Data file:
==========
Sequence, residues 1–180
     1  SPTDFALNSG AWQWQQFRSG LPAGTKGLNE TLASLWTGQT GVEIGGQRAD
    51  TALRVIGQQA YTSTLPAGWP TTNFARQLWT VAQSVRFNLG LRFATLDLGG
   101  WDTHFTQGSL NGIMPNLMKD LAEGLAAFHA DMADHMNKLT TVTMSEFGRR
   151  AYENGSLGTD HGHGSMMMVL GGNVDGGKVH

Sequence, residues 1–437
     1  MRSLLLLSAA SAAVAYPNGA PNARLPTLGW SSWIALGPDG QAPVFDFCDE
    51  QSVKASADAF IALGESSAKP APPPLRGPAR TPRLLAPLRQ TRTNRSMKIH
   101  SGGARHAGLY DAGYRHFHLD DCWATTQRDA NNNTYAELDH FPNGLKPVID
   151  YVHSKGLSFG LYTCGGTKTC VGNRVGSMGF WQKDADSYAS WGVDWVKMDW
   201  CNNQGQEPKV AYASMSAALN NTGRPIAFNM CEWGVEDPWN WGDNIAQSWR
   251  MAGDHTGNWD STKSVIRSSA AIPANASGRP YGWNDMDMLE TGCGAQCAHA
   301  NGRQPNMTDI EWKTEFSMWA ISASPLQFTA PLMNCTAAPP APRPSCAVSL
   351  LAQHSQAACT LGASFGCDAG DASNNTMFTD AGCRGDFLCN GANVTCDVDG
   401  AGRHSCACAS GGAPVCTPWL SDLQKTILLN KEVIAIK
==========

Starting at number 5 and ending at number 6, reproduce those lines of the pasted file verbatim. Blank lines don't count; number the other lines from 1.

   151  AYENGSLGTD HGHGSMMMVL GGNVDGGKVH

Sequence, residues 1–437